By *Renee Sherkness

When I completed researching my last book Winston the Whale And The Blanket Of Darkness, about a Humpback Whale, Winston and the perils he faces due to the increasing pollution to our oceans and beaches, I sat at my computer and thought two things; One, Wow, the world needs us more then we think she does and Two, Wow we need “Her” more then we think we do!!

After teaching children for over 18 years and now a mother and grandmother I was first inspired to write my series of books on nature for children for the purpose of sparking an interest in families to help to create a healthier “world” and a healthier “us” for our future. Having a background in biology and teaching health to children and raising my own daughter in this world, I knew the earth’s environment was an important topic that should be focused on by all of us for our future. In writing my books I hadn’t expected to stumble on the vast research out there that supported the tremendous impact nature and our planets health or lack of health were playing in so many areas in ours and our children’s lives every day!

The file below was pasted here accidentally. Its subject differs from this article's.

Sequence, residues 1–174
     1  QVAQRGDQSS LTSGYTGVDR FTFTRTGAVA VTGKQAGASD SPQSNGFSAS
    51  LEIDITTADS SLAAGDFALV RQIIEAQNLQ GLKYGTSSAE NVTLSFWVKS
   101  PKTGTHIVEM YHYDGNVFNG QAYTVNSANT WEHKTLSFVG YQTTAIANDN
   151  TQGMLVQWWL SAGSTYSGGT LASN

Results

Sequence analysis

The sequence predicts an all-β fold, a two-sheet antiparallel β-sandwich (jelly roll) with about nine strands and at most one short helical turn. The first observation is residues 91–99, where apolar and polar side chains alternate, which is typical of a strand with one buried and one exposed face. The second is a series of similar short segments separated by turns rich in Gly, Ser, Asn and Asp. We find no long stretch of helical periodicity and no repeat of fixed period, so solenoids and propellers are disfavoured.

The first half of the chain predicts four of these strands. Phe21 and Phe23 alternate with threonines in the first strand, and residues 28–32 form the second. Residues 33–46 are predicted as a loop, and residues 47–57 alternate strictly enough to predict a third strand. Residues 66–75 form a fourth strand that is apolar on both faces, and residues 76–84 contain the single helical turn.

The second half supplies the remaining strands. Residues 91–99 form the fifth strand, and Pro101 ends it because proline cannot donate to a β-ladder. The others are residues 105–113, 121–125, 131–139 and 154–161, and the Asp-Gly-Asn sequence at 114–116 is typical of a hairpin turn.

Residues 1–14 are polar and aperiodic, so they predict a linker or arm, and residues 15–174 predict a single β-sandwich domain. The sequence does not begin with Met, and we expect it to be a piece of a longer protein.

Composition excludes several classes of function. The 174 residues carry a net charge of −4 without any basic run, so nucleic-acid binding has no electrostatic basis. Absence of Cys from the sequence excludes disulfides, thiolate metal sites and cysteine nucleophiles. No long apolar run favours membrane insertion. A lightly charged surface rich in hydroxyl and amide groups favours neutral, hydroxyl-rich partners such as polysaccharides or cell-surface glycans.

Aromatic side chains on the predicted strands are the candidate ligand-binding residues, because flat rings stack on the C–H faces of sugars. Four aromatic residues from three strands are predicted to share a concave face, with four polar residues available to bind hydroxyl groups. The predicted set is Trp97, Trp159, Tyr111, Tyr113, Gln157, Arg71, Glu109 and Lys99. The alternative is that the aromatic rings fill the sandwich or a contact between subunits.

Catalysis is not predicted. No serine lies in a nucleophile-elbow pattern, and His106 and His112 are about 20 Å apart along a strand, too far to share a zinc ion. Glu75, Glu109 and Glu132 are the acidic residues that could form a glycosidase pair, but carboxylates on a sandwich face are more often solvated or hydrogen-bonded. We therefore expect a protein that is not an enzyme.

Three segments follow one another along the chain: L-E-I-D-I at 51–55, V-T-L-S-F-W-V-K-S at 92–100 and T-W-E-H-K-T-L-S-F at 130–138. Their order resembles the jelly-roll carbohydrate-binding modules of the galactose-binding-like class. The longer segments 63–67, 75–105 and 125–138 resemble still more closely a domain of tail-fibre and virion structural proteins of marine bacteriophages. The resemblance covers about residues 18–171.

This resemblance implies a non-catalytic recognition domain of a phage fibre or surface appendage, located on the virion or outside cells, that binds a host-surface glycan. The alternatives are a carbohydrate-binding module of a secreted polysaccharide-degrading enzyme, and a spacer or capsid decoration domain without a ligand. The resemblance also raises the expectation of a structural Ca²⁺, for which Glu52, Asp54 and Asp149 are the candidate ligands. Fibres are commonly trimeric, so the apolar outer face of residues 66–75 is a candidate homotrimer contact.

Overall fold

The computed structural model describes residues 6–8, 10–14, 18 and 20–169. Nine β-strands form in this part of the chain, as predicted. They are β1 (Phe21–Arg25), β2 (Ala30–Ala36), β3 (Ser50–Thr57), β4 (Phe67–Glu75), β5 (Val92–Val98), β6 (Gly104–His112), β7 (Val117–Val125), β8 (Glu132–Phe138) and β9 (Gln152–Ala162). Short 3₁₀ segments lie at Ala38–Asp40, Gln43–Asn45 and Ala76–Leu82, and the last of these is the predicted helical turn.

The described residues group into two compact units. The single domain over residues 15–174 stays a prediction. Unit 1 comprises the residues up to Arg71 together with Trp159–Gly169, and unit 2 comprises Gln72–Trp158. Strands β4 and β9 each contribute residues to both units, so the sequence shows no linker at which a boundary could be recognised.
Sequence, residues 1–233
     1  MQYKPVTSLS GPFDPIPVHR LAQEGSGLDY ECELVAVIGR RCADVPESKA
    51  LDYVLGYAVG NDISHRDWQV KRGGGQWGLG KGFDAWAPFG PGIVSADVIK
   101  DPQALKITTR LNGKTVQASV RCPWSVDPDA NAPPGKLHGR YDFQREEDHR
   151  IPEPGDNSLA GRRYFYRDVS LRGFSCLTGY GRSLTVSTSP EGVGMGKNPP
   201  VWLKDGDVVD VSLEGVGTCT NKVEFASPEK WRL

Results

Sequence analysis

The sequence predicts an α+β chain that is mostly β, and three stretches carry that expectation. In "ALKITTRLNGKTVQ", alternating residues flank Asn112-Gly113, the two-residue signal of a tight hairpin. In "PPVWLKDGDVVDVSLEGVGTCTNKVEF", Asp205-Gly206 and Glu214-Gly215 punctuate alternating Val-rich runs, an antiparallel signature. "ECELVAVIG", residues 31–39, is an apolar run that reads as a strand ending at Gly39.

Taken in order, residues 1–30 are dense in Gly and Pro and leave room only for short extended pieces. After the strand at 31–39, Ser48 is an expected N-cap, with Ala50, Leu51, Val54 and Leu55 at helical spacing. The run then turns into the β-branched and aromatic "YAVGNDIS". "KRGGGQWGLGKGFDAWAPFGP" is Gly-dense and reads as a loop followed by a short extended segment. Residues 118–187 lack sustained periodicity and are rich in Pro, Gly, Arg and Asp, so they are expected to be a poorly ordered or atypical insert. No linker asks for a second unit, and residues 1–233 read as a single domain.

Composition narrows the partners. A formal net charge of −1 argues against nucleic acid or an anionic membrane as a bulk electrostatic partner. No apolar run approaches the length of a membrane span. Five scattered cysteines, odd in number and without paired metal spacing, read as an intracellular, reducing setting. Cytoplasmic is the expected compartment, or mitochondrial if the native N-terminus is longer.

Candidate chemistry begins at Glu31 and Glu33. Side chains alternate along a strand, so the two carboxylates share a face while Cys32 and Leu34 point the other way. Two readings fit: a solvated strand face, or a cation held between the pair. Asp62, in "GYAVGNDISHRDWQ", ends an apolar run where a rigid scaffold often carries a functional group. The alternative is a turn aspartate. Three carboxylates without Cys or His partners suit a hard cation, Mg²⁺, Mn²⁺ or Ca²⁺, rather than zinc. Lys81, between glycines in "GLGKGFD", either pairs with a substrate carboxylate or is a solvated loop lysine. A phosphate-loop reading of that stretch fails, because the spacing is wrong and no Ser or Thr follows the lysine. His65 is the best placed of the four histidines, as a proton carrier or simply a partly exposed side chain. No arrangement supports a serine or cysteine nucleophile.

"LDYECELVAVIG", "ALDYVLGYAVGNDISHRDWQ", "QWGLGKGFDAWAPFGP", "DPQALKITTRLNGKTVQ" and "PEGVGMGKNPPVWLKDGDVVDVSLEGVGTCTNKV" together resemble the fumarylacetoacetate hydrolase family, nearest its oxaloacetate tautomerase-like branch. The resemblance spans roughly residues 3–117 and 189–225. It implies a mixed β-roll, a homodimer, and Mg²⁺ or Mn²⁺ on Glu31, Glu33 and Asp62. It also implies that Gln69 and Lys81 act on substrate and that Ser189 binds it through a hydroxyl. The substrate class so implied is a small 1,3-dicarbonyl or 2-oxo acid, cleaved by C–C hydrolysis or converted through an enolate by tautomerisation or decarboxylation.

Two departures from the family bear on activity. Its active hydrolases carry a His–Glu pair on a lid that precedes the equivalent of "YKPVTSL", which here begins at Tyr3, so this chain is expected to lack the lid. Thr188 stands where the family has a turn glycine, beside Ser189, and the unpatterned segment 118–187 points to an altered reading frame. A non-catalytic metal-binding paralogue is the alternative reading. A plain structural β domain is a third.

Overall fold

As I wrote in an article for HEM: “Go Outside and Play” many studies have and are being conducted on the benefits for children from engaging in activities in the outside environment. One of the largest study to be take very seriously discusses the ”Nature Deficit Disorder” and refers to a hypothesis by author Richard Louv in his book, “Last Child in The Woods”. NDD’s premise states that human beings, especially children, are spending less time outdoors, resulting in a wide range of physical and behavioral disorders.

Wanting there to be the existence of a “clean outdoors” for our children to play in, we are thankfully all becoming more and more aware of the challenges our environment is facing and becoming more and more mindful that it’s resources are finite and will not last forever at the rate we are going.